Raising your Seed Round — a Playbook for Israeli Entrepreneurs
After discussing how much to raise in Chapter #1, the various sources of funding in Chapter #2, VC organizational structure in Chapter #3, securing face-to-face Partner meetings in Chapter #4, guidance on how to prepare for these meetings in Chapter #5, meeting dynamics in Chapter #6, due diligence process factors in Chapter #7 and the the due diligence process in Chapter #8 and Chapter #9, In Chapter #10 we will be covering the in and outs of the funding process’ holy grail — the Term Sheet.
Term sheets come in different shapes and sizes. Some VCs pull them out at the end of a successful partner meeting, some submit them in “Take it or leave it” mode, and some set a 48–72 hour expiration date to it. Most VCs, however, try to calibrate expectations on the main commercial aspects during the investment process, and use the first draft handed to the founders as a framework, with certain flexibilities.
In this chapter , we will explain what a term sheet actually is, how to prepare one, and what to expect from one; review the main elements of the document; discuss where you should and where you can negotiate; and try to explain in non-lawyerish language the meaning and impact of the term sheet’s many different elements.
What is a term sheet?
A term sheet is an outline of the deal your company is being offered. Investors issue term sheets to calibrate expectations regarding the main aspects of the deal, and make sure both parties are aligned before deploying more costly resources on drafting definitive agreements (a.k.a. “the closing”).
As exciting as getting (let alone signing) a term sheet is, it is critical to note that it is a non-binding legal document (other than specific elements in it we will discuss later) which means that legally, both sides can pull out up to the very last minute of the closing. Such cases are relatively rare, so you should be wary of any investor with a reputation for this practice.
Bring in the suits
They say there are only three real lawyer jokes in the world, because all the others are true stories. However, using a good, deal-making lawyer is a key factor in getting your term sheet signed quickly, effectively, and fairly. As the seed round is likely to be your first equity round, it is also the round in which the company’s Articles will be drafted, the different investor and founder rights and restrictions will be set, and many other long-lasting elements inked into formal company documents. You can rest assured that your prospective investor is going to hire a top lawyer to make sure their interests are protected and that the majority of the 50–50 cases end up in their favor. Don’t put yourself and your company in an inherent deficit by saving a little money on a lower-tier lawyer.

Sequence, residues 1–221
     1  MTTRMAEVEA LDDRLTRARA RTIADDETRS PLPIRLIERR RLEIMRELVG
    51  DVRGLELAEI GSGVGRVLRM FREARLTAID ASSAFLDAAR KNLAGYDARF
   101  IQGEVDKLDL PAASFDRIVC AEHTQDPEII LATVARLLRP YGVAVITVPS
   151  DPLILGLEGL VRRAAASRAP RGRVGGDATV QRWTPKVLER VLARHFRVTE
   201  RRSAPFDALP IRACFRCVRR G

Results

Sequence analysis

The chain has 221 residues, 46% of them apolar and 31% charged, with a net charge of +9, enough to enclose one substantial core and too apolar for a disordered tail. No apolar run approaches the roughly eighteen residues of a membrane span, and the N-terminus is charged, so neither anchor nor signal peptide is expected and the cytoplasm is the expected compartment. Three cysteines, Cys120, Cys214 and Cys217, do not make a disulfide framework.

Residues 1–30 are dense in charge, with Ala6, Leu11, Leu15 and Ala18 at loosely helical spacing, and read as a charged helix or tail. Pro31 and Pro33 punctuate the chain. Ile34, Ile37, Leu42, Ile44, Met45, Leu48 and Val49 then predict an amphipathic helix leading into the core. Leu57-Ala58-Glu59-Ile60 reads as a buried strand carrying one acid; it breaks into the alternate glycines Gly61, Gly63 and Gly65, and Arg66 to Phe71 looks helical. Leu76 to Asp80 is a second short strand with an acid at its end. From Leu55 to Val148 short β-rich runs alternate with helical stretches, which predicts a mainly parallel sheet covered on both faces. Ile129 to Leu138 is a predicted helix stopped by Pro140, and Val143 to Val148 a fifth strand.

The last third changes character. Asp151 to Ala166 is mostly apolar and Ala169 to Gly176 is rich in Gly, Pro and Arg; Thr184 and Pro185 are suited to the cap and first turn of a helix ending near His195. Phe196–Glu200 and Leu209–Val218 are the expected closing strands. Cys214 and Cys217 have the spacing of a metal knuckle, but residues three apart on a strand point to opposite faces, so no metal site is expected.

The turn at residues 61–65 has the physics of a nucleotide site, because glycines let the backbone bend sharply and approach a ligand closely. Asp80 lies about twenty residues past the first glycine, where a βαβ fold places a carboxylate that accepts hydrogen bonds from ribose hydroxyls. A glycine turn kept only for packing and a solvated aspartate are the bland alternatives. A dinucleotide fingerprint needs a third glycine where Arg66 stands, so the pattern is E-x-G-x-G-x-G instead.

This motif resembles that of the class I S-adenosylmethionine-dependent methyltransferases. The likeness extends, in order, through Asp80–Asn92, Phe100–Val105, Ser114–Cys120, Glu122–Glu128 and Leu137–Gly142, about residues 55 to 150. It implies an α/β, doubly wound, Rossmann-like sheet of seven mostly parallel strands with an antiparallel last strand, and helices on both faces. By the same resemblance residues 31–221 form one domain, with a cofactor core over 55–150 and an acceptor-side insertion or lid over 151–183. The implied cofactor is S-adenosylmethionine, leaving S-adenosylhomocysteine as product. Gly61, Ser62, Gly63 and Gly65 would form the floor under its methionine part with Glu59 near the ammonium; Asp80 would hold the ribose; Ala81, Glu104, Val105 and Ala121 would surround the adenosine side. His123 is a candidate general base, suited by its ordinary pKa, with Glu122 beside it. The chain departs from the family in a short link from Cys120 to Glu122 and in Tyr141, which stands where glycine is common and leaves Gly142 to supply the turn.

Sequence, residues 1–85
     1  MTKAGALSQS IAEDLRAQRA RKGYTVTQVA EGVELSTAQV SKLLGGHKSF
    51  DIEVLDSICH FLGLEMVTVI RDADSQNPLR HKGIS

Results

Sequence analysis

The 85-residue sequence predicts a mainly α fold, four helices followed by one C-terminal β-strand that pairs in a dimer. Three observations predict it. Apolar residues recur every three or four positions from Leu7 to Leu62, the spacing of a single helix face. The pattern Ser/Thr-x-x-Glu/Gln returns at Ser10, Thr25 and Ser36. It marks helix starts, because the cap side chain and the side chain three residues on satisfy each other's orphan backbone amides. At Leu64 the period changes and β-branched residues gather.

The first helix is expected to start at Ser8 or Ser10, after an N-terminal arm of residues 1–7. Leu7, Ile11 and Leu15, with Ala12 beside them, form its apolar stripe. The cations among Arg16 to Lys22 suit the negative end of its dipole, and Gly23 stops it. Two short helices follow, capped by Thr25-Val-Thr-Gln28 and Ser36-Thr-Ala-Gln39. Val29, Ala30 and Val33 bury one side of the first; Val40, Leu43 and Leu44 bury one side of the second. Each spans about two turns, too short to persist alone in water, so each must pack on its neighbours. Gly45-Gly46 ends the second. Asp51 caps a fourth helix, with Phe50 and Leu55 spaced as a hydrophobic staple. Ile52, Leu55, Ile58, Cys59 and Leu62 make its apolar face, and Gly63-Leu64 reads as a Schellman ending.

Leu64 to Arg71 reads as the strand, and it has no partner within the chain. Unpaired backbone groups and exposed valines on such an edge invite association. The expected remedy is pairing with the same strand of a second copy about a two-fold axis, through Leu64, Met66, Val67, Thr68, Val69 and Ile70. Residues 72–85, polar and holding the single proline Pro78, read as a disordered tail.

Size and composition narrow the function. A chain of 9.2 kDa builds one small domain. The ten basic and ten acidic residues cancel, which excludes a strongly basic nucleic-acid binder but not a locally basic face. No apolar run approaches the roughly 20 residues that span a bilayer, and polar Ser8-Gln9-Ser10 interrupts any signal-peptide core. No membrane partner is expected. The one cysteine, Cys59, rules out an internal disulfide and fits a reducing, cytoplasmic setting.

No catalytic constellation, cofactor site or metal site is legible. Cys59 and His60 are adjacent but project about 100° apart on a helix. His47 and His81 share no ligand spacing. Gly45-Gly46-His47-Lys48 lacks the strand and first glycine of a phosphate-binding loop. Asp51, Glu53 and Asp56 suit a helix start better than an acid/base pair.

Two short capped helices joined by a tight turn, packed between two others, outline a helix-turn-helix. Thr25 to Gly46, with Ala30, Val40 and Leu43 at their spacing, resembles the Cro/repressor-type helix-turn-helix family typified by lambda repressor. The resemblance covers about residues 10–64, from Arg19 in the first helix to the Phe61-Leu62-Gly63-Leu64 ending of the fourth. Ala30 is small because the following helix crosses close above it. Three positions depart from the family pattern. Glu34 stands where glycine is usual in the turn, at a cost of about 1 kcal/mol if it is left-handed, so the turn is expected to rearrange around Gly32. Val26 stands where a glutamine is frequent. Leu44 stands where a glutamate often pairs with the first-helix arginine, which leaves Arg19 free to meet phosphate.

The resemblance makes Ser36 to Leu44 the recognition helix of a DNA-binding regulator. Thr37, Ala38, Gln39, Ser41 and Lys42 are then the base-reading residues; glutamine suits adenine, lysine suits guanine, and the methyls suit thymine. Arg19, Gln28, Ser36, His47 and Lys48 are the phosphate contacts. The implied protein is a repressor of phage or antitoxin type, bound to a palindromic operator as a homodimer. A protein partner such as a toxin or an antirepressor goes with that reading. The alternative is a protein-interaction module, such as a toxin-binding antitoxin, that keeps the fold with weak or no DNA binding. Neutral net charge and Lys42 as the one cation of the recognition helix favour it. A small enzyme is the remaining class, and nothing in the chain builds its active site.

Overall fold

Three’s a crowd
Term sheets tend to surface a hard truth, usually not present to founders until that point: from this point forward, you are entering a three-sided legal (and professional) relationship between the founders (you), the company (maybe also you?) and the investors (probably not you). Each of these three entities has its own incentives, goals, rights, and restrictions — and it is important to understand the delicacy and note the balance of these as early as possible.
As founders, you might find yourself wearing three different hats — founder (shareholder), CEO, and director — with each hat bearing different duties and considerations. Your prospective investor will also usually be wearing both the investor (shareholder) and the director hats, sometimes leading them to vote differently as a director (prioritizing the company’s interest) and as an investor (prioritizing the shareholder’s interest).
A classic example of this is an early, low-ticket exit — a first-time founding CEO holding 25% of the company shares would think hard before saying no to a $20 million acquisition offer, while an investor looking to return 3x on their $100 million fund would be very disappointed with such an outcome. Wearing their director hats, the CEO might claim that the company had tripled its value within a couple of months and approve the acquisition, while the investor might claim that only a small portion of the potential value had been captured so far and push to reject.
There are no easy answers here, but a recommended practice is that all parties agree to make the company’s interest their #1 priority and acknowledge that #2 and #3 might clash in certain scenarios.
Divide and conquer
One of the best practices I recommend is to have a preparation talk with your (top-tier, deal-maker) lawyer about the key objectives for you, and how you prefer to split the work between the two of you. Being a first-time founder, you are likely to be less experienced in such processes than your lawyer, and you should definitely use your lawyer’s experience and knowledge, while maintaining the driver’s seat; not every question or decision should go through you, not every point is critical. Moreover, you’re not likely to have good answers for each and every point your prospective investor or their lawyer would come up with.